Goko Café will not be closing its doors in November as outraged customers and city officials had expected.
The owners of the popular eatery signed a new lease on Tuesday, with rent sandwiched somewhere between the $1.26 a square foot they had been paying and the $4.50-to-$5.50 commercial rate the building owners quoted for the area. The new lease is on a par with the ones signed about two weeks ago by the three other tenants in the building.
“When we all sat down together [Tuesday] and talked, we came to the conclusion that there had been a lack of communication,” said Cary Glenn, co-owner of the building with Richard Zona.
Until Tuesday, Goko owners Connie Stojkowski and George Risteski were telling customers they would be closing their doors Nov. 4, to be replaced by a Quiznos franchise, which they thought had been the property owner’s master plan since they bought the building in November 2006.
Glenn said he and Zona never wanted Goko to leave, but they had doubted they could reach an agreement with the Goko owners.
“When we bought the building, we talked to all four tenants and told them the rents would be going up at a later date,” Glenn said. “We did not touch the rents for a year. Up until December, Goko was paying 76 cents a square foot and after that, $1.26 a square foot, the increase set by the previous owner. We did not touch the rents for a year.”
Glenn said considerable money had been spent on renovations that restored the building’s original charm.
“We expected to get a pat on the back and a thank you for the restoration and for keeping three of the tenants,” Zona said. “We wanted to keep them all, but you can’t force a tenant to stay.”
The dismay expressed by loyal Goko customers when they heard the restaurant would be replaced by a Quiznos touched the hearts of Stojkowski and Risteski.
“I cannot find enough words to thank the residents for their support,” Stojkowski said. “It is very, very gratifying.”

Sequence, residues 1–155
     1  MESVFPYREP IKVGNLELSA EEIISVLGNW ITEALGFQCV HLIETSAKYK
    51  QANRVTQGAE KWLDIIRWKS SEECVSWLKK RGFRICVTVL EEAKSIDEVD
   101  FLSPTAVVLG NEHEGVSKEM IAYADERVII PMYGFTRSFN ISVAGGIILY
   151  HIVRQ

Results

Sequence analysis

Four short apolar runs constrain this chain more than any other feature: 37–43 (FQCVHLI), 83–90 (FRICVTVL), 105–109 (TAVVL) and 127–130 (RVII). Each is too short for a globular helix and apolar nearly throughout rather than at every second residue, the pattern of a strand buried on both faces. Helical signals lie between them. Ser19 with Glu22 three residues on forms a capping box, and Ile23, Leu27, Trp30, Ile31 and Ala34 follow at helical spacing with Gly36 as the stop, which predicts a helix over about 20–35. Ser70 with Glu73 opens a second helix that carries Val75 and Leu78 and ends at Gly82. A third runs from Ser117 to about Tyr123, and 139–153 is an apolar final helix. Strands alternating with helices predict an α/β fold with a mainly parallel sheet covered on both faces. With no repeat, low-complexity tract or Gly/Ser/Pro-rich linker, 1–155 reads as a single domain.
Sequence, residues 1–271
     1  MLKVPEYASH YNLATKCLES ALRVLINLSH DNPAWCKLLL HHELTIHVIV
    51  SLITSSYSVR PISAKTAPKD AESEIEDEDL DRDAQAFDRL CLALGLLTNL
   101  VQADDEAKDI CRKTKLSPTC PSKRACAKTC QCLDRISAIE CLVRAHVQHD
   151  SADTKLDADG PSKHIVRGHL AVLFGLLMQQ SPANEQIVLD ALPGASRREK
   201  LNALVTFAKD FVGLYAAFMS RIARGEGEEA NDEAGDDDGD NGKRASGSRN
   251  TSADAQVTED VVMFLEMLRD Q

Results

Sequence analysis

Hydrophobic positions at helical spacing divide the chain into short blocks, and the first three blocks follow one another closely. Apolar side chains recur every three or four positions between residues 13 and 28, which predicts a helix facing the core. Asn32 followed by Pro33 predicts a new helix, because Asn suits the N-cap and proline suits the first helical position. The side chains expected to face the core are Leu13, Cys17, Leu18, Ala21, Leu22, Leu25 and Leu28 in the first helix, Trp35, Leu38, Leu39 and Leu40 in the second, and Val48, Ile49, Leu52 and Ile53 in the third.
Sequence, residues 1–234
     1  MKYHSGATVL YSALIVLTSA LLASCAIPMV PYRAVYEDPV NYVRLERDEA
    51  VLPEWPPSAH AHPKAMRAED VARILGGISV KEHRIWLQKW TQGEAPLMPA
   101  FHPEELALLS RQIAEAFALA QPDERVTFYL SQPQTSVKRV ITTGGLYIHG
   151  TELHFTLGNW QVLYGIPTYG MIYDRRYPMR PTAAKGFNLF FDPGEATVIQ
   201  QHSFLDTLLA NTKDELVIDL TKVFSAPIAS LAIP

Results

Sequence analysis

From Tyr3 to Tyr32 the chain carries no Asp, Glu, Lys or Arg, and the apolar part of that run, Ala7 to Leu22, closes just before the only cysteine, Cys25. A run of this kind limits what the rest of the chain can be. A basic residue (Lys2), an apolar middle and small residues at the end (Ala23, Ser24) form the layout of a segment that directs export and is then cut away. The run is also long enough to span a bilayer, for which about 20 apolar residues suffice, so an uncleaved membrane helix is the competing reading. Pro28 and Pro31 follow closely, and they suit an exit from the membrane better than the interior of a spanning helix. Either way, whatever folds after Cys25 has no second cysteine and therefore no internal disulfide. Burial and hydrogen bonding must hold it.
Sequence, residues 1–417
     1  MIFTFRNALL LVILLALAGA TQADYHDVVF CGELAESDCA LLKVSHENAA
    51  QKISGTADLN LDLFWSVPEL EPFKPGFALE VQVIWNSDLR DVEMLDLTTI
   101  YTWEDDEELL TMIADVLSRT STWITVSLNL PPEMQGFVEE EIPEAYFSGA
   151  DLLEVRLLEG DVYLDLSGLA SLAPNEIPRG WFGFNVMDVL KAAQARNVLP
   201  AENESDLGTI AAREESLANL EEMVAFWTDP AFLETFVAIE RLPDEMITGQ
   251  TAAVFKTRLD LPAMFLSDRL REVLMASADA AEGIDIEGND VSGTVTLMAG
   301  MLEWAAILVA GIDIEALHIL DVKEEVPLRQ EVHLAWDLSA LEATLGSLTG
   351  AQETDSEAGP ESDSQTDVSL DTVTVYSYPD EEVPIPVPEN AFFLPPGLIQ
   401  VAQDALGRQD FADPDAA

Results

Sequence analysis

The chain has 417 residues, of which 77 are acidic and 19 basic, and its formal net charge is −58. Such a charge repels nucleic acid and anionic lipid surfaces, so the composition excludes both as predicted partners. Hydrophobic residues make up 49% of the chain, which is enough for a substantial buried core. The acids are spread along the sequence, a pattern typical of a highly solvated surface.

Goko has been open from 8 a.m. to 7 p.m. every day for the past 15 years, tucked in a building on the corner Thalia Street and South Coast Highway. It is said to be the first restaurant in Laguna to offer organic food. It also offers its customers a wireless Internet connection for their laptops.
“Parents are comfortable here and the kids love it,” Stojkowski said. “Our customer base is very young, and we have been feeding them lean, healthy food for years.”
The public outcry in opposition to the replacement of Goko by a franchise resonated with Glenn, a Laguna Beach resident for 20 years, and Zona, also a local, owners of Main Beach Realty for seven years. Even if Goko had declined the lease offered Tuesday, Quiznos was out of the picture, Glenn said on Monday before they renewed their offer.
“We listened to the feedback and we have reconsidered putting in a Quiznos,” Glenn said. “Clearly that was not what people want.”
Despite the reprieve for Goko, Mayor Toni Iseman will pursue the expansion of the geographical limits of a provision in the Downtown Specific Plan that discourages formula-based businesses. The plan extends southward only to Legion Street.
Iseman’s proposal is tentatively scheduled for the Nov. 6 council meeting.
“We want to keep a mix and we don’t want to put small businesses as risk,” Iseman said.
She opposes what she calls the “Walmart syndrome.”
“I visited my hometown of 20,000 people in Nebraska, and there was only one place to get tires changed — Walmart,” Iseman said.
All the little corner-service stations were gone, mowed down by the retail giant, according to Iseman. A Walmart can come in with low prices, drive out small businesses and then increase the prices, she said.
“That is exaggerated, but formula-based chains have the advantage of buying in bulk and preventing their lines from being sold in other stores and that just cripples small businesses,” Iseman said.
“It would be wonderful if people knew that Laguna Beach is looking for one-of-a-kind businesses.”
Goko easily passes the Iseman test.
“One of the things about the area between Thalia and Bluebird and below Temple Terrace is that it has always been a walk-down-get-a-bite-to-eat neighborhood,” said Oak Street resident Anne Johnson, a city planning commissioner. “I’d hate to see little places like Goko being taken away.
“This little neighborhood has had its own identity for a long time and these little places reflect that. I am concerned as a resident and a planning commissioner. I swear I haven’t gone out to brunch since Poor Richard’s closed.
“It makes me sad that I can’t see a solution.”
City Attorney Philip Kohn said the council has the authority to extend the reach of its land use standards that discourage formula-based businesses.
“The courts have upheld cities’ right to control the diversity of commercial uses,” Kohn said.
In the long run, it is the customers who decide whether a business succeeds or fails.
“They vote with their feet and their wallets,” Iseman said.